I've been in relationships where the girl was a different culture, so I definitely feel that element of it. It's just the truth. The interracial shit is kind of a catalyst for the Black paranoia aspect. You feel it, you know? It's like, I can go to a party—completely unrelated—and just be around a bunch of white people that have never been around Black people, and they make it a thing. It's not like they're not being nice. They're trying to be welcoming. But the effect of that can make you feel alienated and isolated. So that was the hook in my analysis of being like, "I know that [feeling]."
Like, [my character Chris] just loves this girl. He doesn't see her as white; he just loves her. It's the fact that he loves this girl that has isolated him, because he's been incubating in New York. But then he gets taken out [of that setting] and it changes. It's like when you go to those [rural] places and then realize, "Oh! I'm Black! You have your own baggage and interpretations about me and my Black skin that has nothing actually to do with me as an individual." Even if the relationship is already happening [normally], once you put it into the public space, then it becomes an interracial relationship. So that's what kind of related to me: being seen as an idea instead of an individual.
Kaluuya as Chris and Allison Williams as Rose. Courtesy of Universal.
What was it like to be in a movie that had all of these allusions to being enslaved or sold off? Was this the first time that your Blackness was central to the character you were portraying?
Well, Blackness is a core part of everything I do and who I am. But in terms of narrative, it's an interesting thing. Everybody is going to see this differently and that's what I really liked about the script. The stuff that really got to me was just this question of: Why us? Why Black people? And that's the truth. It really is like, why us? Why Black people? What the fuck? Why the fuck are you doing this to us? It's weird but you have to put it in those terms.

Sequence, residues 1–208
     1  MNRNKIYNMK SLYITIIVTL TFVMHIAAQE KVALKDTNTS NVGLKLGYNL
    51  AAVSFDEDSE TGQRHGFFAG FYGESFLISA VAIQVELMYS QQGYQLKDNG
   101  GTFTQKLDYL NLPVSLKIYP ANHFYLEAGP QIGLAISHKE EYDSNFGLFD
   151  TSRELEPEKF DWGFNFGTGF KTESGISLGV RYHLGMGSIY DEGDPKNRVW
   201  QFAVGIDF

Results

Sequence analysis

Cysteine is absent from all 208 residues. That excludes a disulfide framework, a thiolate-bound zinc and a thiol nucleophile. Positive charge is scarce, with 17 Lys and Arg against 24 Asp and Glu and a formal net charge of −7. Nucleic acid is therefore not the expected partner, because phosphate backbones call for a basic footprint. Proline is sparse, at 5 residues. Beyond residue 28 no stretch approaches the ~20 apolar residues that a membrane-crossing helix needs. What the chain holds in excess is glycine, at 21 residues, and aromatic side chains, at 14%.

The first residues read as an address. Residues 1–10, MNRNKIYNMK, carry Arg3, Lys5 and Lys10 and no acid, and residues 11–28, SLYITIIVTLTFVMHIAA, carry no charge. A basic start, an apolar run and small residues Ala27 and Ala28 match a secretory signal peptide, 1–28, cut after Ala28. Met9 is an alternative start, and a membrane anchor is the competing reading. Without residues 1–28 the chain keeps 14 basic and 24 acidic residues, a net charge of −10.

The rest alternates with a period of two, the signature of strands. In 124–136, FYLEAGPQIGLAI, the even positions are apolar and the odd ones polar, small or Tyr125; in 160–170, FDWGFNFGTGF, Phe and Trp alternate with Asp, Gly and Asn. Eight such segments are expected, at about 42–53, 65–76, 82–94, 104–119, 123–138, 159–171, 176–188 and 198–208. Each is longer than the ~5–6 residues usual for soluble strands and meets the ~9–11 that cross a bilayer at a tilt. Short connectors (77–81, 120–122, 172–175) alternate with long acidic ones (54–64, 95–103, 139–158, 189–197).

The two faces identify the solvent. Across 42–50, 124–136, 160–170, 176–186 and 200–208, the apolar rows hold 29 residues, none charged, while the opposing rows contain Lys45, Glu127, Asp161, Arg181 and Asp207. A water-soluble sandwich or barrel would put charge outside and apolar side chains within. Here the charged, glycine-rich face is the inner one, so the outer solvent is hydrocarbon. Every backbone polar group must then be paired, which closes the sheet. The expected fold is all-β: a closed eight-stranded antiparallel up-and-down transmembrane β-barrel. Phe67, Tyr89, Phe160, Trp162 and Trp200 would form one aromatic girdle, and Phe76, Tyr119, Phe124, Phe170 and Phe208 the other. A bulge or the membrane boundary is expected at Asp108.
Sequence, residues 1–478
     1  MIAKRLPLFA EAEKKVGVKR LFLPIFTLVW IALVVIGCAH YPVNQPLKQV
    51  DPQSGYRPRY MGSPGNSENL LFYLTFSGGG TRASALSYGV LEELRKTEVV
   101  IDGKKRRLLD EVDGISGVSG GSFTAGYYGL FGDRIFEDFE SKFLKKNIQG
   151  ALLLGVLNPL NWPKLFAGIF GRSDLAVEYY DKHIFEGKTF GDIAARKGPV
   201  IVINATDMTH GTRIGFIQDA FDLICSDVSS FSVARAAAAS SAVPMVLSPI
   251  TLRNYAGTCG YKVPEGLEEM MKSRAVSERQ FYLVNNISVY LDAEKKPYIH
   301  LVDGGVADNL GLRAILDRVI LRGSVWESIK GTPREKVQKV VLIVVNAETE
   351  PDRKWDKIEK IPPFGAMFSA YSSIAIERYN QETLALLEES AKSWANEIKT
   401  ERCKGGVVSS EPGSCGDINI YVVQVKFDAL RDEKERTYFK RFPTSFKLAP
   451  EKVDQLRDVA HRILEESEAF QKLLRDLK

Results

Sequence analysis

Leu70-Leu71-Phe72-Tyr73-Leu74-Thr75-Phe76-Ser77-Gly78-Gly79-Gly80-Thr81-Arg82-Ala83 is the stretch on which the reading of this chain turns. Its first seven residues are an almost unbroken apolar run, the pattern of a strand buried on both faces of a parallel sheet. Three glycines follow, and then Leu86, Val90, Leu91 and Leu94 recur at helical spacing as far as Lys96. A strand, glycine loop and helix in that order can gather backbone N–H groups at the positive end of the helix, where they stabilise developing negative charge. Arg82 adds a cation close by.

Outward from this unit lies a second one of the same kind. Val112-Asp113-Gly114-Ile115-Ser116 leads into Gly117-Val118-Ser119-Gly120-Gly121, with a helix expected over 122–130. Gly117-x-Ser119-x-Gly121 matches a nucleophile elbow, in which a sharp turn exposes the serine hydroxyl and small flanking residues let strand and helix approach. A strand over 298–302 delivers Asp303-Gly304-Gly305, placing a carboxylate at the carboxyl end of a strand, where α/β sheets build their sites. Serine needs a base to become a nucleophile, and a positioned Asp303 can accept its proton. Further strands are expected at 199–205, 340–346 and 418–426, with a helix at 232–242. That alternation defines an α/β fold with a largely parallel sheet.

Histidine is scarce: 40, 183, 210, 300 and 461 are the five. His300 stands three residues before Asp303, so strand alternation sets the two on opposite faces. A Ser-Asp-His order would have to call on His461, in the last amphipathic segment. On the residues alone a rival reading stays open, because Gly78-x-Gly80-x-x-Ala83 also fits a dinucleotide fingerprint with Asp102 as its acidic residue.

And [Jordan] managed to put that question into this concept. So that's what I found really exciting. I felt like it was true, but it was an American truth. And then, he put that American truth into a certain genre. I found that really exciting because I grew up learning about American civil rights in school. I know that narrative but I haven't lived it—I just know what happened. So, with this movie, it was like, I understand this perspective, I understand this viewpoint, and I agree with this viewpoint, so I can be Chris in this situation. But I also feel like I know that Black paranoia—that feeling of being like, is it just me? That overwhelming feeling of deterioration of the mind…I know that. I've been that. I've lived that.
What are your feelings about horror as a genre?
I find horror that's grounded in reality scarier. Usually, it's monsters and ghouls and other stuff, but this is a monster from day-to-day: the monster of racism. Racism kills people. It kills people! There are people suffering—today! That, to me, is terrifying. It's this social monster that makes people live in an environment where they are hunted because of the color of their skin. There are people being shot because of the color of their skin! That's horrifying stuff! And that's why I always want to be grounded in some kind of truth [as an actor], so you can see a person trying to navigate that. You see someone that has good intentions but also see what that does to a person. I wanted to feel that anyone could watch this—no matter where you're from, no matter what you're about.
I know you're going to be in the new Black Panther film. How is that going?
It's going well. It's really exciting because, even if I weren't in this industry, I would watch a Black Panther movie. If I wasn't in Get Out, I would still watch that movie. Being in stuff that you would watch anyway or are watching anyway, and working with people that you admire, that's the most satisfying thing. To think that, on this journey, they picked me to go on this journey with them, it's amazing. Black Panther is so amazing so far, though. The script and the story, I can't tell you anything about, but it's been quite a life-changing experience.
Get Out is in theaters February 24.
Splash photo courtesy Universal Pictures.